President Trump’s letters to Kim Jong-un have shown the close bond the two leaders formed according to Watergate journalist Bob Woodward’s new book. In the book titled Rage, Mr Trump was alleged to have boasted that Mr Kim tells him “everything”.
The American journalist’s new book includes excerpts of the letters Mr Trump exchanged with Mr Kim.
It also quotes the interviews Mr Woodward conducted with the US president.
During the interviews, Mr Trump said the North Korean leader told him about a graphic account of how Mr Kim’s uncle was killed.
US intelligence chiefs have warned that North Korea is unlikely to ever surrender its nuclear weapons.
They have also insisted Mr Trump’s approach is ineffective.
But the US president told Mr Woodward that he is determined to continue on his course.
Mr Trump said the CIA has “no idea” how to deal with North Korea.
Speaking about the criticisms around his three face-to-face meetings with Mr Kim, Mr Trump told Mr Woodward: “I met. Big f**king deal.
READ MORE: Donald Trump blasts former official for exposing North Korea letters
In a different letter, Mr Kim said: “I feel pleased to have formed good ties with such a powerful and preeminent statesman as Your Excellency.”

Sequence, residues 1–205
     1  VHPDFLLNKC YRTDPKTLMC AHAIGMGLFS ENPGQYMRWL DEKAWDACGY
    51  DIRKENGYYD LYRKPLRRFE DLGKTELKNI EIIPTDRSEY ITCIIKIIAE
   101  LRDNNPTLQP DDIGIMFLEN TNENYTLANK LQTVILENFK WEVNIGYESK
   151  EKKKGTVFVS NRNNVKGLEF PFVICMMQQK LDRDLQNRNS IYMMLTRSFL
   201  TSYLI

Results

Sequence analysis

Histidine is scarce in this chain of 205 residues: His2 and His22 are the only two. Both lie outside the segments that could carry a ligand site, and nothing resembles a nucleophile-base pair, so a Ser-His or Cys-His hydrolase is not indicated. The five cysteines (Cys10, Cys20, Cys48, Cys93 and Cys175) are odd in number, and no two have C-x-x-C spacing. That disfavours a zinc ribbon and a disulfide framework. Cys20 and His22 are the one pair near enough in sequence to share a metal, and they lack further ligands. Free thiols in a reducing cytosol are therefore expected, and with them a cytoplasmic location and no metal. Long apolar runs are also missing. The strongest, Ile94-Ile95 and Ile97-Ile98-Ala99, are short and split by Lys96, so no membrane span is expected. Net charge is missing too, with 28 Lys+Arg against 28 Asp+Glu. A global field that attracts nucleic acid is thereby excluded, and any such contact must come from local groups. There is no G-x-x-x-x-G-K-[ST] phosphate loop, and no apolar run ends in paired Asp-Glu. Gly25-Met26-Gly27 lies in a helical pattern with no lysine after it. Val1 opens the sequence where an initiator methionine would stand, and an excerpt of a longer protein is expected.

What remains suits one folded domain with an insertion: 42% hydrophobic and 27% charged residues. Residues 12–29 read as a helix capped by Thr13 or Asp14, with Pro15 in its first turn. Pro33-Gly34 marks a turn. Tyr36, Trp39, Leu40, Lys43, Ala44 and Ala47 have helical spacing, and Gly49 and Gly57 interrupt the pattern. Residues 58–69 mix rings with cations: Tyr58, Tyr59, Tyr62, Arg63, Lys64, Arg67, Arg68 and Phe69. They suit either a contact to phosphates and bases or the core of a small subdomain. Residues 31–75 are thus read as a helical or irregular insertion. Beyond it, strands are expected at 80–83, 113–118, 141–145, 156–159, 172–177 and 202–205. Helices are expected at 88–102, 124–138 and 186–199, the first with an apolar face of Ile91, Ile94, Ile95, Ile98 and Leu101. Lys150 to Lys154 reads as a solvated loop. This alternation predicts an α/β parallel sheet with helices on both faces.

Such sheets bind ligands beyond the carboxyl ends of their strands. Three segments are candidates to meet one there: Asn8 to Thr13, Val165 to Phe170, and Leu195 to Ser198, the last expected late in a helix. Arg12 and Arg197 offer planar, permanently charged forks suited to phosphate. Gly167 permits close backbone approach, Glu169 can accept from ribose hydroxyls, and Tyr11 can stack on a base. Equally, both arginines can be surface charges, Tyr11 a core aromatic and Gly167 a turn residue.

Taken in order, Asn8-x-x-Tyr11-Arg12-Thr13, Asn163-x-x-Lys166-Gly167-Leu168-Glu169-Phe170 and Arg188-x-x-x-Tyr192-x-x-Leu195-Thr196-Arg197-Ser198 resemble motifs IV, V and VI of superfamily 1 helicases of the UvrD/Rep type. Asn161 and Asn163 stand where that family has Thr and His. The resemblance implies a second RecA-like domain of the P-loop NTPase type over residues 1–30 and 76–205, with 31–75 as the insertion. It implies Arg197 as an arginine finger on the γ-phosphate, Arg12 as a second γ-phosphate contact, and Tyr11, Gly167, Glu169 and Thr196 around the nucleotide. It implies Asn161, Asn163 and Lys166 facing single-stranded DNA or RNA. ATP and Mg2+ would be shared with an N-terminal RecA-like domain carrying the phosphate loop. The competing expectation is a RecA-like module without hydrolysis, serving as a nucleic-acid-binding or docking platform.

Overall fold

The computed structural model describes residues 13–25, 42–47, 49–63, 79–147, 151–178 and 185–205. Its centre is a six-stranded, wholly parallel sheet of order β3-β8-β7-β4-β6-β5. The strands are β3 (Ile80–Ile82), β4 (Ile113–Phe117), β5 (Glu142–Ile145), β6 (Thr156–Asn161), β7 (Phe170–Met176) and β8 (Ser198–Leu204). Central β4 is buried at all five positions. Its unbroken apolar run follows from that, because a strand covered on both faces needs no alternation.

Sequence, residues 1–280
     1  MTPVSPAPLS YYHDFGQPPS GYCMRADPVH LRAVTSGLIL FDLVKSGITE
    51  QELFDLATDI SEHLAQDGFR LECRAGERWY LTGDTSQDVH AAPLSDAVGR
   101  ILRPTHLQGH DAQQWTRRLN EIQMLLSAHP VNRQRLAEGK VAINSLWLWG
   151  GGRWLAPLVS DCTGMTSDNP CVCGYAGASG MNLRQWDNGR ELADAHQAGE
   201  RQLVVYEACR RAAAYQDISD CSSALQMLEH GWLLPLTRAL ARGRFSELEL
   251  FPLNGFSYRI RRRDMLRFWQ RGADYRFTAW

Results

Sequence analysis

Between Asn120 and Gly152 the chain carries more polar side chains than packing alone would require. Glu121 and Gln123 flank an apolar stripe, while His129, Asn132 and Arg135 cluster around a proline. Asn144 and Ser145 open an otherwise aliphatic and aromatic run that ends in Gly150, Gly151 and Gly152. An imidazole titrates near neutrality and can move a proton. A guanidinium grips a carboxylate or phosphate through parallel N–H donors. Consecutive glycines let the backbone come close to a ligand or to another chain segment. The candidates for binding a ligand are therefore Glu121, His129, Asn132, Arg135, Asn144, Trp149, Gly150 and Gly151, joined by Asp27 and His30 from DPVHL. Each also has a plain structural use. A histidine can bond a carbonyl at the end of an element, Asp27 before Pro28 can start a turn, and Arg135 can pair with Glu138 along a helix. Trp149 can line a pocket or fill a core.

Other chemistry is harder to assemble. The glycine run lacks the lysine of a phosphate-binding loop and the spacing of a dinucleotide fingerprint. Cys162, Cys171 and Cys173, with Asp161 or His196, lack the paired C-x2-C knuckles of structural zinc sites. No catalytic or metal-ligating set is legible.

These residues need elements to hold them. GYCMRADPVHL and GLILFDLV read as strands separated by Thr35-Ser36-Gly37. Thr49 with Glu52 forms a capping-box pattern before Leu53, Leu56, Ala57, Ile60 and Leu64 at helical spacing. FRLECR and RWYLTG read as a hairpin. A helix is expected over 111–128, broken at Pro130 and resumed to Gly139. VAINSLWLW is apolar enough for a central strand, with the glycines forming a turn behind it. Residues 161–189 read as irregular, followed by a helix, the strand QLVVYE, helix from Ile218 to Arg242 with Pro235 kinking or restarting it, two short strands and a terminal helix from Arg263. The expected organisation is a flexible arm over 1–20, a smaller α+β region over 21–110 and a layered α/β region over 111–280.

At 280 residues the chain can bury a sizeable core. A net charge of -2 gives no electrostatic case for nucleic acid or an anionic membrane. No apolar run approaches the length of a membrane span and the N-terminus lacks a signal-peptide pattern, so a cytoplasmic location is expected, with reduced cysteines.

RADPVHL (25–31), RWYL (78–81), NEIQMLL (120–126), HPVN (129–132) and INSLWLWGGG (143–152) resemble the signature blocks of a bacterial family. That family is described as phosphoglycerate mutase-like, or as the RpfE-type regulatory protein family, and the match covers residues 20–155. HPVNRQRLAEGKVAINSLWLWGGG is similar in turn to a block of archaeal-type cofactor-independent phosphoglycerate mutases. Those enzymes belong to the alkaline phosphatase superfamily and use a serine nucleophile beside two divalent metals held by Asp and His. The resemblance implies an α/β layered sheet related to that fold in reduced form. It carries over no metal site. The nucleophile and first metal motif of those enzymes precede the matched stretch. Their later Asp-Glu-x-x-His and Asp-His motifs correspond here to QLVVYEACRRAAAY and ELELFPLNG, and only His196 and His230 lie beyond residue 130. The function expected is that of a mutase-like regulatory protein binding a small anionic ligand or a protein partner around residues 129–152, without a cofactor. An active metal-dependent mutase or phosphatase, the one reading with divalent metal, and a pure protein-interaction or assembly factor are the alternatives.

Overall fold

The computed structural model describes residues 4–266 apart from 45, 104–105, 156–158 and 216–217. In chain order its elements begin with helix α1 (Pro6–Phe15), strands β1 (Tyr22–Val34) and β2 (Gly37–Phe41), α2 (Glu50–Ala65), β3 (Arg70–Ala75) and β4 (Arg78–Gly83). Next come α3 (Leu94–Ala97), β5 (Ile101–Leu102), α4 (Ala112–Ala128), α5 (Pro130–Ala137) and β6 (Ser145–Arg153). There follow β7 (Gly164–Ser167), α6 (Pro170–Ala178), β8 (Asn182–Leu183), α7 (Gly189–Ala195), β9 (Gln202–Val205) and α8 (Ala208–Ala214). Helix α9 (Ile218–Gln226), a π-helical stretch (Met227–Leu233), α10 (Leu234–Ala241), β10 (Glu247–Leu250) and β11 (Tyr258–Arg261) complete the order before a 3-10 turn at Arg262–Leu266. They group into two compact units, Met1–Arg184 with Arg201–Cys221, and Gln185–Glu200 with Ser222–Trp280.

In another letter, the North Korean leader reflected on “that moment of history when I firmly held Your Excellency’s hand at the beautiful and sacred location as the whole world watched with great interest and hope to relive the honour of that day.”
In his book, Mr Woodward said the US president has taken Mr Kim’s flattery.
Mr Trump was proud that Mr Kim called him “Excellency”, according to the author.
The US president was wonderstruck when he met Mr Kim for the first time in 2018 in Singapore.
He thought to himself “Holy s**t” and found Mr Kim to be “far beyond smart”, wrote Mr Woodward.
Mr Trump also told the author that Mr Kim thought President Barack Obama was “an a**hole”.
He also boasted to Mr Woodward that Mr Kim “never smiled before. I’m the only one he smiles with.”
The book also revealed that Mr Trump knew the coronavirus was deadlier than he originally told the US.
He told Mr Woodward he deliberately minimised the danger to not “create a panic”.